Increasing the effectiveness of the deadlift is primarily based on achieving correct posture while performing the exercise.  A key postural cue for athletes in keeping a neutral spine, this position is transferred to all different variations of the deadlifts (Eg: sumo, stiff leg, dumbbell or bar). A neutral spine position pulls the spinal column in a normal curvature keeping tension on the muscles instead of ligaments.  Adams and Dolan (1995) provided insight to avoiding injury during an anterior loaded exercise such as the deadlift (Adams & Dolan, 1995). Muscles commonly used in a deadlift such as the erector spinea and latissimus dorsi are primary postural muscles which eliminate flexion of the spine. The research suggests that keeping a neutral spine will eliminate the possibility of shifting the muscle function to the ligaments which are not meant to resist high loads. Adams and Dolan suggest avoiding full lumbar flexion which may allow for decreased risk and increased effectiveness (Adams & Dolan, 1995).

For simplicity, the most common deadlift motion is powerful hip and knee extension through loaded posterior chain musculature. The muscles which perform these movements play a critical role in soccer-specific movements such as vertical jump in a header and explosive acceleration to chase a ball down or close down the space between opposing players while defending.  Including deadlifting into a soccer player’s periodization program would allow them to achieve great performance benefits, as it would allow them to improve the effectiveness of these movements.

Many top strength and conditioning coaches incorporate the deadlift into a soccer player’s regimen for several different reasons, but the main reason it is used is to build general strength to allow an athlete to generate power more efficiently. Strength and power are two terms commonly mistaken as being the same, however, many differences exist between the two.  The force-velocity curve (see below) is a graph that represents the hyperbolic curve relationship between force (y-axis) and velocity (x-axis). Zatsiorsky and Kraemer (2006) explain the specificity in periodization programs to allow athletes to attain the adaptions gained in training to transfer to their sport (Zatsiorsky & Kraemer, 2006). The training specific to one end of the spectrum sometimes allows adaptions at the other end. While trying to increase strength, one must lift heavy loads which can only be done at slow speeds, but when trying to increase power or speed, one must lift lighter loads in explosive style lifts.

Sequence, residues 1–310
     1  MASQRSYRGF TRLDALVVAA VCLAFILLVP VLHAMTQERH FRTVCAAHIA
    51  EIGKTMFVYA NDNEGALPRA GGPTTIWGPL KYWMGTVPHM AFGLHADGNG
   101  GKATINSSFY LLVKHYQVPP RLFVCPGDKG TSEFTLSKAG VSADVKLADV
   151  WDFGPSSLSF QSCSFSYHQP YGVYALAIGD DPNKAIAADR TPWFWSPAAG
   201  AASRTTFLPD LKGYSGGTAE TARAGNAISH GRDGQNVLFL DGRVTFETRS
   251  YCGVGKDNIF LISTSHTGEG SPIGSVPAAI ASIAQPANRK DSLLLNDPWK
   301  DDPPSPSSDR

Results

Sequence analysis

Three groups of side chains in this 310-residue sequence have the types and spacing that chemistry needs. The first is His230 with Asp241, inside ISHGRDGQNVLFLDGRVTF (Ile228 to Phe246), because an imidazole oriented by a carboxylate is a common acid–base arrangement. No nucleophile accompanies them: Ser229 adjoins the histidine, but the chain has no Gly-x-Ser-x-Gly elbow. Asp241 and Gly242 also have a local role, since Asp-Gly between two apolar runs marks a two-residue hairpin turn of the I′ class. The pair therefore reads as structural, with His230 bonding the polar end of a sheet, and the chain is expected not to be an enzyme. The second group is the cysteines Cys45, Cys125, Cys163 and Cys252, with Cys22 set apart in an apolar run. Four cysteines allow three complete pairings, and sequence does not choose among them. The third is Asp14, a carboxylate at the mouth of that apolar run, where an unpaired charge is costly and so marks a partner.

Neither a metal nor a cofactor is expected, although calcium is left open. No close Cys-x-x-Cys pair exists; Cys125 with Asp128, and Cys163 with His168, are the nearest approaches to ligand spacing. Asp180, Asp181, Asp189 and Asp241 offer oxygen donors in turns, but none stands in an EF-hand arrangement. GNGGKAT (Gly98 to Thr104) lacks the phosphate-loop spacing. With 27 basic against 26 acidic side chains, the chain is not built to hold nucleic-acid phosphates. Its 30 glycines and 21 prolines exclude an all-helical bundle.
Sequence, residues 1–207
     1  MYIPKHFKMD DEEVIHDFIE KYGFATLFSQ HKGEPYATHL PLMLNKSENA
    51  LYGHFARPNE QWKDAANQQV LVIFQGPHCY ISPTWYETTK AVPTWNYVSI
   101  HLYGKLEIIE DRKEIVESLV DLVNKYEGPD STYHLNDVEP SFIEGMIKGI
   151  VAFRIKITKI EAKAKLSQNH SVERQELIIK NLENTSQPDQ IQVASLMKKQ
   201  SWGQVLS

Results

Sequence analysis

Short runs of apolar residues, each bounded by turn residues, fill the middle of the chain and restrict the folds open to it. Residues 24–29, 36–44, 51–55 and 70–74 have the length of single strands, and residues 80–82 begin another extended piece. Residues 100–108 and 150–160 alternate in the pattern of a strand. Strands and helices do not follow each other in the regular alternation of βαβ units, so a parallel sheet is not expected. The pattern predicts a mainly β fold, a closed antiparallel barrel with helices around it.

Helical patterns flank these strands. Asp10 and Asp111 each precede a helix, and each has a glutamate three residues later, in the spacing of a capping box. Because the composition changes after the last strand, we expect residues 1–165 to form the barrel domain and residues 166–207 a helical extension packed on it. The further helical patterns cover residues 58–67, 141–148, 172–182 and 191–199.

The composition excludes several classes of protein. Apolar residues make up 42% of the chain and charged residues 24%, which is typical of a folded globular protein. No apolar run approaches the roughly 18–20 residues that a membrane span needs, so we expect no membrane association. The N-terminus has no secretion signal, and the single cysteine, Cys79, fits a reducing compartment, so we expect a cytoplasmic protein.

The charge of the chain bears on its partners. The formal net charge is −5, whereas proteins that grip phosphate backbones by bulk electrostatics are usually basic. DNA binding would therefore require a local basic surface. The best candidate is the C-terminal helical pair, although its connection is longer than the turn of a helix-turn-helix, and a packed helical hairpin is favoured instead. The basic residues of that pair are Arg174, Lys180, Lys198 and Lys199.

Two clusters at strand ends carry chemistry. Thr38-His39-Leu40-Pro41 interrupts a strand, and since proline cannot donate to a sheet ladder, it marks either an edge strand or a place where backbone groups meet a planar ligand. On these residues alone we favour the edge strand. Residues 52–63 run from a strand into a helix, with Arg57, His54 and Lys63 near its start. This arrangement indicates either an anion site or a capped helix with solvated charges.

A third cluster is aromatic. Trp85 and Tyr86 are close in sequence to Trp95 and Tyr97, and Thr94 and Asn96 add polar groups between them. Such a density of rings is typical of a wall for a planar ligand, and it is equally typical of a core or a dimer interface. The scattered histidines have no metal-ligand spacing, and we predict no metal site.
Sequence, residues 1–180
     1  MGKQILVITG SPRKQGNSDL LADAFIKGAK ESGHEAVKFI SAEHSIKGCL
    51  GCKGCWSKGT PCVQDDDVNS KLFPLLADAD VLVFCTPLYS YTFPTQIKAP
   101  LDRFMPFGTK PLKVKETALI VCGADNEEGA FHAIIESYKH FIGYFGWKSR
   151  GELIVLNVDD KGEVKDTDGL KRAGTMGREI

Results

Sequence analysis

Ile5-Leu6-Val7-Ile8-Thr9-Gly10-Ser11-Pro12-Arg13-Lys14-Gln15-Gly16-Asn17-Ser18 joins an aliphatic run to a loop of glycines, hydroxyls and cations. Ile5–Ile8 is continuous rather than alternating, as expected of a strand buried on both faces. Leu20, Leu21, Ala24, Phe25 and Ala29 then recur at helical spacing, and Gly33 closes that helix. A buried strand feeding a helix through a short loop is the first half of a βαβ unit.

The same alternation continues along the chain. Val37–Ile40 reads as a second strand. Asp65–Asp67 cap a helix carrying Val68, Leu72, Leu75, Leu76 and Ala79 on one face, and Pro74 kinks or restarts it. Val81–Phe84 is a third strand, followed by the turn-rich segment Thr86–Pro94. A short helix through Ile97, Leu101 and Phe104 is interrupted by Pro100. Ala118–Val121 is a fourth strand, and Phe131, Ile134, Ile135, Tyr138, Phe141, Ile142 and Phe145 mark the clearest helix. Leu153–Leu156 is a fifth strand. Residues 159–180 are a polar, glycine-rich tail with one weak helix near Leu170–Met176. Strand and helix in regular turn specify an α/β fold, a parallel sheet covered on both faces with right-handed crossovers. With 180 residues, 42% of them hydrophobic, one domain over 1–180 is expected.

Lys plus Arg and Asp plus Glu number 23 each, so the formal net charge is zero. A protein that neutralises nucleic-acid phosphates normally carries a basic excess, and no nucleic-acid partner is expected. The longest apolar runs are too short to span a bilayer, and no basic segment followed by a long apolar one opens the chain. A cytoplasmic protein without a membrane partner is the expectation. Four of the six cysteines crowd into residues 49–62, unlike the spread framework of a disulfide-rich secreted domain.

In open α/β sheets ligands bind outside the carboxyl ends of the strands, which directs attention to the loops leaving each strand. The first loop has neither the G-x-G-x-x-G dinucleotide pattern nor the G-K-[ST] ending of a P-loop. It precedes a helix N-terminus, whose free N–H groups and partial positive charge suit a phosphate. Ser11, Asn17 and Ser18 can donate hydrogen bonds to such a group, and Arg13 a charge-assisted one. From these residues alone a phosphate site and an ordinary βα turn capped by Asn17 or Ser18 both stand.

Force-Velocity Curve

When taking a closer look at the force-velocity curve, it is critical that athletes train to shift that curve to the right, which means that as time gets closer to the season, players have increased their strength to a level which helps optimise their speed and power. A challenge with this type of training is that athletes cannot optimally train strength while at the same time doing power or speed work, and conversely, power cannot be optimally trained while continuing with strength training.  Vladimir Issurin (2008) found that using a “block” periodization for sports such as soccer that depend on key characteristics like speed and power, to be critical for players playing at high levels.  The “block” periodization model is based on training residuals and how long the training adaptions can be maintained without de-training (Issurin, V., 2008).  Physiological adaptions such as improving aerobic endurance, anaerobic ability, as well as maximal strength, all take longer to de-train opposed to motor skill adaptions such as maximal speed (Issurin, V. 2008). Therefore, those characteristics are trained earlier and as the athlete approaches their season, maximal speed and strength endurance work specific to the sport are added in. 

Moving through a block periodization program for a soccer player would begin in the offseason; accumulation phase is step one. A deadlift exercise would be incorporated into the accumulation phase as training focus is to build basic strength and hypertrophy to set up for greater training intensity in future mesocycles. The accumulation phase –  as the name suggests – is a high volume and low intensity phase. During this phase, the deadlift exercise would be done using low loads and more sets and reps. Variation throughout the first phase can be done using different types of deadlifting techniques throughout the microcycles (weekly) to add variation.  Athletes then move from the accumulation phase to the transmutation phase which incorporates more maximal strength and power work. During the transmutation phase, medium load and medium to high intensity is used. The reason for the transmutation phase is to focus the training stimulus to adaptions more specific for performance.  The last stage would be realisation phase; the focus during this phase is power and speed.  The training volume is to remain low and training intensity is to be high.  Lowering the training volume during this phase allows for the accumulated fatigue to dissipate and specific training adaptions to be realised (NCSA).